Ahead of its first-ever earnings report, Snap Inc. cautioned investors to expect uneven user growth and a big loss, largely due to stock grants issued to employees after its initial public offering.
On Wednesday, it barely deviated from predicted results — and investors hammered the company anyway.
The swift reaction, which knocked as much as 25% off of the Los Angeles firm’s stock price in after-hours trading, points to the grueling exercise Snap will have to endure as it seeks investors to back its unconventional plans to build a social media titan vastly different from predecessors such as Facebook and Twitter.
Snap Chief Executive Evan Spiegel sees universal appeal in the company’s whimsical Snapchat video-sharing app and goofy Spectacles video-taking sunglasses. And he’s already roping in users to peruse ad-supported content from friends and media companies.
But how fast Snapchat adds users, he has repeatedly told investors, will depend on how soon high-speed cell service arrives in the developing world and how quickly the company launches new features.
Facebook has been able to sustain steady user growth through a number of means Snap eschews, including acquiring other popular apps and tweaking its service to work well in countries with slow Internet speeds.
“Hacking” your way to growth might be easy, but it’s not sustainable, Spiegel told analysts Wednesday.
The decline in Snap’s shares late Wednesday — to just above their initial offering price of $17 — suggests that many investors aren’t yet buying into the Snapchat game plan. Adding to their concerns is Facebook’s encroachment on Snap’s territory.
Snap led the way in making the smartphone camera the focal point of a social media app. But without naming Snapchat, Facebook Chief Executive Mark Zuckerberg declared last week that his company was now “pretty much ahead” in evolving how people interact with their smartphone cameras.
Spiegel struck back Wednesday, with a comparison of his own: “At the end of the day, just because Yahoo has a search box doesn’t mean they’re Google.”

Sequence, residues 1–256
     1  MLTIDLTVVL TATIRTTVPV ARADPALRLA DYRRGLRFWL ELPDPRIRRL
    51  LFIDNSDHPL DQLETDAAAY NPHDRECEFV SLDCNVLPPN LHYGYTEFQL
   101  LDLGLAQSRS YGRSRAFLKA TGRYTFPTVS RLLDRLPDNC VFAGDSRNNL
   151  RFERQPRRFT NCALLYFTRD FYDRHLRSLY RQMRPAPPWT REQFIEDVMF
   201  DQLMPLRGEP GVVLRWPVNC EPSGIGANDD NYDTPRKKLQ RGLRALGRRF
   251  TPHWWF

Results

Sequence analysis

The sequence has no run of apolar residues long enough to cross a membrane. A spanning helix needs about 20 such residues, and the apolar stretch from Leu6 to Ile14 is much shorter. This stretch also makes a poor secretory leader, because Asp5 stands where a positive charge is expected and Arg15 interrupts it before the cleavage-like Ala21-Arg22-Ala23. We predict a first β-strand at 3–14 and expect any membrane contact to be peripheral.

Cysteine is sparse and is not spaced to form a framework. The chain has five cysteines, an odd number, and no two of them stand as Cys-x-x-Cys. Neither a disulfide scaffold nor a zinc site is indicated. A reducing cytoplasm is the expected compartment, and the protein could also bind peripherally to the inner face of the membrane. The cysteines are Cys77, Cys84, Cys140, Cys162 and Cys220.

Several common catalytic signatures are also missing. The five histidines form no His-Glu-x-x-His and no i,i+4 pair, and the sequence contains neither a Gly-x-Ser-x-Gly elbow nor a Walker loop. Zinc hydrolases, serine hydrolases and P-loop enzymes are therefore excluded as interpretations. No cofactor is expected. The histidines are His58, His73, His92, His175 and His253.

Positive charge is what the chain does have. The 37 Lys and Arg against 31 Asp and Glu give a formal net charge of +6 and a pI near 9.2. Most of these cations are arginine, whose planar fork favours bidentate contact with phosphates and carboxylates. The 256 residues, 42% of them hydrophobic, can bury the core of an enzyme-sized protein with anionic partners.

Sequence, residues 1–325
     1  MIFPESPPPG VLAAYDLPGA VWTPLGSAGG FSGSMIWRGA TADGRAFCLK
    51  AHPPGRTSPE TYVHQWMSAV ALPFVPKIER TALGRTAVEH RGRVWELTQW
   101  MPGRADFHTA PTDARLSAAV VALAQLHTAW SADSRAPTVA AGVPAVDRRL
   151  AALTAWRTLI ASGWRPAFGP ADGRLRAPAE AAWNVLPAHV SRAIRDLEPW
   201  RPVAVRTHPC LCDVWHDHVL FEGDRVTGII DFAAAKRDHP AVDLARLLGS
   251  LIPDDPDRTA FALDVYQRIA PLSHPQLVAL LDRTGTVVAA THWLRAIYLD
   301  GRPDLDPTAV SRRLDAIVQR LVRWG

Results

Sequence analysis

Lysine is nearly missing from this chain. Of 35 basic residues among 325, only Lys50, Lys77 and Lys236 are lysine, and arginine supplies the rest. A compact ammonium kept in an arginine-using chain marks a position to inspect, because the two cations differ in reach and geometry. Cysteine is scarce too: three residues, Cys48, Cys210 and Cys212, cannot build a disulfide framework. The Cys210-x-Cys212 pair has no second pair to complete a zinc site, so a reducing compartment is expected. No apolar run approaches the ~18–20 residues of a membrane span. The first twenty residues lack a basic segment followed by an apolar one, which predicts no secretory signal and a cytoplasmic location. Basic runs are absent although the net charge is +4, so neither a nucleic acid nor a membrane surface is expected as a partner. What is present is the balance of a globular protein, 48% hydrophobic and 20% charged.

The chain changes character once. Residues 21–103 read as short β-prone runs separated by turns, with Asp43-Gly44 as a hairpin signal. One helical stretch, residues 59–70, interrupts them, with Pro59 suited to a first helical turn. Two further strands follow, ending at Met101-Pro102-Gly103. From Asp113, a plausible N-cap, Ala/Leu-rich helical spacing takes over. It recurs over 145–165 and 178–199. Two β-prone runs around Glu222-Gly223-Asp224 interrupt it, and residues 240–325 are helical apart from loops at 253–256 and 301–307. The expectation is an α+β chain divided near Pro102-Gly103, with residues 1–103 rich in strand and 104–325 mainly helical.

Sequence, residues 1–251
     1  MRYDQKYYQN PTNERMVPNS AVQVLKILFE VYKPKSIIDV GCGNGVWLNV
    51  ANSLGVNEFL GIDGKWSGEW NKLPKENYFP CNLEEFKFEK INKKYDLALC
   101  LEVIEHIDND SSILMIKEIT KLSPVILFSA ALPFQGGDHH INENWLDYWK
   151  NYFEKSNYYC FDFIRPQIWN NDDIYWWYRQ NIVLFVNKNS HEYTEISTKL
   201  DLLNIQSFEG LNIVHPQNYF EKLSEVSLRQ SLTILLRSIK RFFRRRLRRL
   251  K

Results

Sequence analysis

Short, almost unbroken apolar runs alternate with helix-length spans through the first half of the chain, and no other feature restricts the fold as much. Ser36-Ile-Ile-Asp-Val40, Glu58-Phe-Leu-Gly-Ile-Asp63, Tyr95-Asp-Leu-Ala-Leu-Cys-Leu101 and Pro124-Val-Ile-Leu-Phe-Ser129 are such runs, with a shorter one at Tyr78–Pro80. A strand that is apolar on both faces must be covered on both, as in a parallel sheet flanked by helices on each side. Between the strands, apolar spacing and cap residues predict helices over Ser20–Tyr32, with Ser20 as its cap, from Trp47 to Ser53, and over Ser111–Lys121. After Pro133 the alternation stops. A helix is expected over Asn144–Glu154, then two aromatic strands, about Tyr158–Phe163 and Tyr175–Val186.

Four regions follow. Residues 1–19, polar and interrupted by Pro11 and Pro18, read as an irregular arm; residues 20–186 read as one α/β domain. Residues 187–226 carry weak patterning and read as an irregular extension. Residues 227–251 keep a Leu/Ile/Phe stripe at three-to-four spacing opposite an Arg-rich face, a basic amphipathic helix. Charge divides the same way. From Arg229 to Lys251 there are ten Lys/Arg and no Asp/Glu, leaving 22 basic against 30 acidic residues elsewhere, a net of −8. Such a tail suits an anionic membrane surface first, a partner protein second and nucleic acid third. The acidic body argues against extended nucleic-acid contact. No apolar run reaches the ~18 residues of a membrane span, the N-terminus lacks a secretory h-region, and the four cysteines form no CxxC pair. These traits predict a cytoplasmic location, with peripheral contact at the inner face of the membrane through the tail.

He insisted that Snap could be more creative than the rest of the tech industry.
“The bottom line is if you want to be a creative company, you got to get comfortable with and basically enjoy the fact that people are going to copy your products if you make great stuff,” Spiegel said. “We believe that everyone is going to develop a camera strategy.”
In his first major public address in almost two years, Spiegel said on a conference call with financial analysts that he was pleased with how Snap performed in the first quarter despite results that investors may have found troubling.
The company extended a three-quarter streak of slowing usage growth and sustained a post-holiday pullback in advertiser spending.
Daily active users — a key measurement followed by investors in social media companies — rose to 166 million in the first quarter. The figure marked a 36% increase from the same period last year and a jump of 8 million users from the last quarter of 2016.
Snap generated $149.6 million in revenue during the first quarter, up 286% from last year’s first quarter, but a potentially concerning slowdown compared with the $166 million in revenue it recorded to close 2016.
The company has yet to generate a profit as it relies on venture capital and proceeds from a $3.9-billion IPO — the biggest in Southern California corporate history — to fuel expansion into new services, products and countries.
The March IPO pushed Snap’s first-quarter losses to more than $2.2 billion. Almost $2 billion in expenses came from stock-based compensation as a big batch of shares doled out to employees and advisors vested when the company went public. Excluding the one-time costs, Snap lost about $217 million.